Chronic and terminal illness sufferers account for 10 percent of annual suicides in Britain with more than 400 people taking their own lives every year, according to a new study by the think tank Demos.
The research, The Truth About Suicide, was partly conducted using the Freedom of Information Act (FoIA). Requests were sent to 147 Primary Care Trusts (PCTs) who are supposed to conduct annual suicide audits, The Guardian has reported.
Demos told the Guardian that of the 4,390 individual suicide cases last year, 10 percent involved people “experiencing some form of serious physical illness as an influencing factor”.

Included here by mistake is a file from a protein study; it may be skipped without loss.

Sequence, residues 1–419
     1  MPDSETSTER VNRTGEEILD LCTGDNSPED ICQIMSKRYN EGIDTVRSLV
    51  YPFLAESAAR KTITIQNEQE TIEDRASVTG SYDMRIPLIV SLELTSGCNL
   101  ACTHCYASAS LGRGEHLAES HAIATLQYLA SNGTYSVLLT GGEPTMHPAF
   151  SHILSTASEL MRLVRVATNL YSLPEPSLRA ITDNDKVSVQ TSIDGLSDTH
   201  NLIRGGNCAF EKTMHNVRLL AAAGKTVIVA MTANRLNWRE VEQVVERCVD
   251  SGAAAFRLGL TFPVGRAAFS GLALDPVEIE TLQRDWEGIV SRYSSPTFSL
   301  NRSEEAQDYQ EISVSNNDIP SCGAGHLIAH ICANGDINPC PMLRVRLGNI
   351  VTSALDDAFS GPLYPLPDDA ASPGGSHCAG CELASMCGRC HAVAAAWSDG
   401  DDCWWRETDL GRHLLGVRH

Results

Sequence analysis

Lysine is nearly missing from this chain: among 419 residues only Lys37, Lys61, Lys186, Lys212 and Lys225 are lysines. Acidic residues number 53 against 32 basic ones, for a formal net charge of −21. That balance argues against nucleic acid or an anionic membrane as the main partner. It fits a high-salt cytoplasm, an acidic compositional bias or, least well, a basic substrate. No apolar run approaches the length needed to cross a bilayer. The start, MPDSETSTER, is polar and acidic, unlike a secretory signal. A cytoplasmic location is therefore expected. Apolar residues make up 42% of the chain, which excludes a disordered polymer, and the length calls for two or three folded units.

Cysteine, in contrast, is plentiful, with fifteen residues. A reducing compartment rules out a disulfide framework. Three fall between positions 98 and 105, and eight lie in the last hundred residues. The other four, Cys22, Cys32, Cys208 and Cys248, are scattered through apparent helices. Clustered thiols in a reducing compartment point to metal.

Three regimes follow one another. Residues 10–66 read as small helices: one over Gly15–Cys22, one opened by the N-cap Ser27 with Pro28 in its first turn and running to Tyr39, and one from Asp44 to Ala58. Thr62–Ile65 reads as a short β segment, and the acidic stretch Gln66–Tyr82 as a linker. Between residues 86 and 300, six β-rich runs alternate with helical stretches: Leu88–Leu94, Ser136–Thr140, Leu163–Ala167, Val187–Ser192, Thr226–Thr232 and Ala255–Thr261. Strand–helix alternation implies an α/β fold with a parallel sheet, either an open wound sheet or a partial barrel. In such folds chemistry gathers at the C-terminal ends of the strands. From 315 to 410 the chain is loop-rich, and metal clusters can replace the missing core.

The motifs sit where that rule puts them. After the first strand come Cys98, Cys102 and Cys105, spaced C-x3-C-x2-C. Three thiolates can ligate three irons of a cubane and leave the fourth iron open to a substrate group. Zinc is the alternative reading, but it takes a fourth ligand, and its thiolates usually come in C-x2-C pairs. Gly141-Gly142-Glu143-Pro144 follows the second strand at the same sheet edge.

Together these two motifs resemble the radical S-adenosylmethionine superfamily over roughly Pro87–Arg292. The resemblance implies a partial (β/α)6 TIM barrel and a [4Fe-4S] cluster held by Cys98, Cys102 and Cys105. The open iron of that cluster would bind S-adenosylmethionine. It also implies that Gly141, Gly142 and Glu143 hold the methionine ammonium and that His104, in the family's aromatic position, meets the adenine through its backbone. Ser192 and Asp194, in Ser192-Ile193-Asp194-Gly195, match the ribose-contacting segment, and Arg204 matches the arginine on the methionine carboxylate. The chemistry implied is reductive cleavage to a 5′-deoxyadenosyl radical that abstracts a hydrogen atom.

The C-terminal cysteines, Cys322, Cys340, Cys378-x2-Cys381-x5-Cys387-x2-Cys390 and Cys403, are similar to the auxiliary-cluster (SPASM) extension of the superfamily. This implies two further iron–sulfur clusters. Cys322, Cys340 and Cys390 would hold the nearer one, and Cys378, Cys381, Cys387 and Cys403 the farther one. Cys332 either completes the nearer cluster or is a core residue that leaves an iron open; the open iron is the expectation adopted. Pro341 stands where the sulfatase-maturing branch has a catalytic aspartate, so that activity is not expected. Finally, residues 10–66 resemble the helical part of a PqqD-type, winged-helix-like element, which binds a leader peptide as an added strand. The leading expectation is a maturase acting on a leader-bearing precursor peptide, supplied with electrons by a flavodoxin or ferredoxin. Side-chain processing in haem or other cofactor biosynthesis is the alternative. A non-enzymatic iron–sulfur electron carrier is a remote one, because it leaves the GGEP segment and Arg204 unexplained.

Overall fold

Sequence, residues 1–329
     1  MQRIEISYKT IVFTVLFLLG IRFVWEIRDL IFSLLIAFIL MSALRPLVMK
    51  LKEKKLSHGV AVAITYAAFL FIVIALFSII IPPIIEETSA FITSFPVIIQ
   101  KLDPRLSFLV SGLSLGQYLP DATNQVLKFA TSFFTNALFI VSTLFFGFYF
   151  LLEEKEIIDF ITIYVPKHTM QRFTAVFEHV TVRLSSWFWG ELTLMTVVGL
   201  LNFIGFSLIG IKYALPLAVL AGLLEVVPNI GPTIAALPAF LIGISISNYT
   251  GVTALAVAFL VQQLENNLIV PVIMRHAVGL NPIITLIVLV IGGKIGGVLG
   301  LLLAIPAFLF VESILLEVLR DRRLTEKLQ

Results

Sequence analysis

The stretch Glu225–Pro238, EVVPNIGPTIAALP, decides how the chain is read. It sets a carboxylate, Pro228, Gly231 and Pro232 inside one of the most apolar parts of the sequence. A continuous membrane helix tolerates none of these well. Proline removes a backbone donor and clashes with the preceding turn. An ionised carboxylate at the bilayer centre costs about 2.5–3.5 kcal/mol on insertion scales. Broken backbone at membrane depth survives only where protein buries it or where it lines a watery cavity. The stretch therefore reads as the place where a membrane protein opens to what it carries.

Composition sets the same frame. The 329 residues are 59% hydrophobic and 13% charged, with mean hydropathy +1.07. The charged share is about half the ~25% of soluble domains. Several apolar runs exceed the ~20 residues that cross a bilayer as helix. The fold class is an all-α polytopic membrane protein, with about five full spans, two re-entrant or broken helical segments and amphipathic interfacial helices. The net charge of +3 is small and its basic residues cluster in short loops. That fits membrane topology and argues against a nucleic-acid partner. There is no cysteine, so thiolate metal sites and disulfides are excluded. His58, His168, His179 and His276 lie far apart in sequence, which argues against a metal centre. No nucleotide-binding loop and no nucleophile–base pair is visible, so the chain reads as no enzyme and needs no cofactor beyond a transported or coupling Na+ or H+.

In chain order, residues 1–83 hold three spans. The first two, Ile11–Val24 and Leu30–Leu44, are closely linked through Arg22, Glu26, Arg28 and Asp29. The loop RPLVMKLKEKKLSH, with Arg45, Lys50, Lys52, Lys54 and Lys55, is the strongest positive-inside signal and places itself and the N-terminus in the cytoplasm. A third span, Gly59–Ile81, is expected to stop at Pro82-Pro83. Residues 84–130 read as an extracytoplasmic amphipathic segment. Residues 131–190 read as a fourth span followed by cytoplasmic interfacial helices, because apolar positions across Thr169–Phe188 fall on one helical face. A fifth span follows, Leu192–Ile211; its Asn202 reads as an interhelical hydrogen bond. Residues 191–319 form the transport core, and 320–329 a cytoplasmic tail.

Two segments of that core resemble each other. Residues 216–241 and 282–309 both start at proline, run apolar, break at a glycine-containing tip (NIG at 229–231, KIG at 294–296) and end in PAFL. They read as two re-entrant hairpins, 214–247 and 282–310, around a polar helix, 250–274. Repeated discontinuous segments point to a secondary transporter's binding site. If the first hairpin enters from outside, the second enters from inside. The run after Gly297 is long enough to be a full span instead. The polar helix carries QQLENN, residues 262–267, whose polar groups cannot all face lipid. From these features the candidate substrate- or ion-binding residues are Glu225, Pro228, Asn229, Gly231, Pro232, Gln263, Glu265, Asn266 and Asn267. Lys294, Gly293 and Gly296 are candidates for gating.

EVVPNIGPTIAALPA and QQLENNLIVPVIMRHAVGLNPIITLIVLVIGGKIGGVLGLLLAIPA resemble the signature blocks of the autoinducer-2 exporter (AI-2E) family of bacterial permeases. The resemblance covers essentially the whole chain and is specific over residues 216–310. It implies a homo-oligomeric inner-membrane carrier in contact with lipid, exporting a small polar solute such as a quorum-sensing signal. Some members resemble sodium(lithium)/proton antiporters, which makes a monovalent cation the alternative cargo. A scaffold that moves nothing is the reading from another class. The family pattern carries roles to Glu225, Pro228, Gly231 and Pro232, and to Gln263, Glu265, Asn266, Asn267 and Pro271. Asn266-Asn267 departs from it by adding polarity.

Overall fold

Demos recommended that people suffering from chronic and terminal illnesses should be treated as a high-risk group for suicide. But the think tank argues a recent government consultation has ignored them and continued to focus on those using mental health services, self-harmers and prisoners, the at-risk groups identified by Labour in 2002.
Louise Bazalgette, author of the report, told The Guardian: “Eighty prisoners committed suicide last year. That is only a fifth of suicides of patients with chronic or terminal conditions. There’s an urgent need for support”.
The Department of Health said it was working “with bereaved families and experts in general practice, local government, and other organisations on a new strategy to prevent suicides.”